Oorah-la-la: Female Marines to share field tents with men

Oorah-la-la: Female Marines to share field tents with men
The US Marine Corps has decided that female Marines will share sleeping quarters with their male colleagues both on the battlefield and in combat training exercises for the sake of unit cohesion.

Marine living spaces will be co-ed in the field and in combat readiness drills in order to maintain a unit’s strategic integrity, Major Charles Anklam III, an executive officer for 1st Battalion, 8th Marines at Camp Lejeune, North Carolina, told AP on Thursday.

"We're not changing our tactical posture or changing how we operate to accommodate the inclusion of female Marines," Anklam said.

Marines of different sexes have private rooms and bathrooms in living quarters away from the battlefield, but battalion togetherness in the field will demand sharing living spaces, Anklam said, adding that female Marines have previously shared living spaces with male counterparts in conflict zones.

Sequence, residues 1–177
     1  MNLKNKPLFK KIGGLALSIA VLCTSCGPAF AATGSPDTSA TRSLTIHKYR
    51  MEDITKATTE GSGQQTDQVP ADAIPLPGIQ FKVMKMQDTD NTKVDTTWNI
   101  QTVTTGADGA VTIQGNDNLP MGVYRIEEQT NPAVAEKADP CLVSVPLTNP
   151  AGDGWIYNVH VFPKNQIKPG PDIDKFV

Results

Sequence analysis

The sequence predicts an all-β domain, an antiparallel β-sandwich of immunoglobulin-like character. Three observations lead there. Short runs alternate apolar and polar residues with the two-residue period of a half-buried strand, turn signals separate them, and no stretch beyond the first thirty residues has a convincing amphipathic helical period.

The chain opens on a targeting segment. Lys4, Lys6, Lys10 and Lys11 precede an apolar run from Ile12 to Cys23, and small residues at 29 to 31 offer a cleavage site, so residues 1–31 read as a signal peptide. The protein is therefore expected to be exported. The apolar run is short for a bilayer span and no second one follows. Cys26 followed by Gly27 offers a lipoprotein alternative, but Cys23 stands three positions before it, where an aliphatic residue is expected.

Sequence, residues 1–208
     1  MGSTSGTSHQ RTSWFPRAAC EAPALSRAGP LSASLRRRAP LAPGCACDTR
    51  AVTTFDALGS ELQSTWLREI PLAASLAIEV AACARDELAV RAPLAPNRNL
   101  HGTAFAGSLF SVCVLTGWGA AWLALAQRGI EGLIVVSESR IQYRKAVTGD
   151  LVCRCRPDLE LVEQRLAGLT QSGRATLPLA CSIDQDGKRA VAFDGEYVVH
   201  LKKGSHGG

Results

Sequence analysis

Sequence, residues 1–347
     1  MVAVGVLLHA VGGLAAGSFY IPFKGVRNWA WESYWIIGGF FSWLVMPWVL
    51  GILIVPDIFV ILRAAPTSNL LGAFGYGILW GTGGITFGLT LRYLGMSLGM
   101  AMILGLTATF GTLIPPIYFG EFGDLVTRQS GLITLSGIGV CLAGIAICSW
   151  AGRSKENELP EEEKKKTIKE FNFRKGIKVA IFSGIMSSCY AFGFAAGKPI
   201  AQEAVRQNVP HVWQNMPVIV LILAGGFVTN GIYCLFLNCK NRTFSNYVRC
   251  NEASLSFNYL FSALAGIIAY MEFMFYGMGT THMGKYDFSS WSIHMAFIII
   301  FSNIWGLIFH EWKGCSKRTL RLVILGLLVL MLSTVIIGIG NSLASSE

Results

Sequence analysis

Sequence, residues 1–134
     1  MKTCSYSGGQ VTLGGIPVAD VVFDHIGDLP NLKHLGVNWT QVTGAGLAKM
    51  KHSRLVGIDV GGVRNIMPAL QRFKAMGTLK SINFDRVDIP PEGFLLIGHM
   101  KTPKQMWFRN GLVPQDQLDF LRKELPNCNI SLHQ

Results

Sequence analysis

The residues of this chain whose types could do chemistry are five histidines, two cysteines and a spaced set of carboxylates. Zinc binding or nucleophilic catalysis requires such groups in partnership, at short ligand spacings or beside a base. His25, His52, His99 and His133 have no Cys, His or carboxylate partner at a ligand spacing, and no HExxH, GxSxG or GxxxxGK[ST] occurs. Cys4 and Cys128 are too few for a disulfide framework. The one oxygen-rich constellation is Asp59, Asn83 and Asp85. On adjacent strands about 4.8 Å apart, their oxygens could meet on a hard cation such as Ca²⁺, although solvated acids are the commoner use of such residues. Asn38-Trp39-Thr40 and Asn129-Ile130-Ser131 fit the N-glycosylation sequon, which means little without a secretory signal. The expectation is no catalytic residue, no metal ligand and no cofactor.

The first three enlisted female Marines to become part of a previously all-male combat unit joined Anklam’s battalion on January 5.

"Our female Marines will find themselves side-by-side their male counterparts in a fighting hole or in their living conditions for the execution of field or deployed duties," Anklam told the Marine Corps Times last week.

The battalion’s leaders had many discussions with commissioned and noncommissioned officers about the three new female members prior to their arrival, Lieutenant-Colonel Reginald McClam, a battalion commander, told Marine Corps Times, adding that the battalion has had no problems with the integration so far.

"This is what I told the staff," McClam said. "I joined the Marine Corps to lead Marines and sailors. I didn’t take an oath of office that said I was going to lead male Marines or female Marines or male sailors or female sailors. I said I would lead Marines."

An Obama administration directive from December 2015 allowed female service members to pursue any position in the military.

Opponents of the policy have argued that mixing female and male service members in living quarters would lead to "indiscipline."

"Policy makers should be held accountable for creating conditions that will encourage indiscipline rather than discipline," said Elaine Donnelly of the advocacy group Center for Military Readiness, according to AP.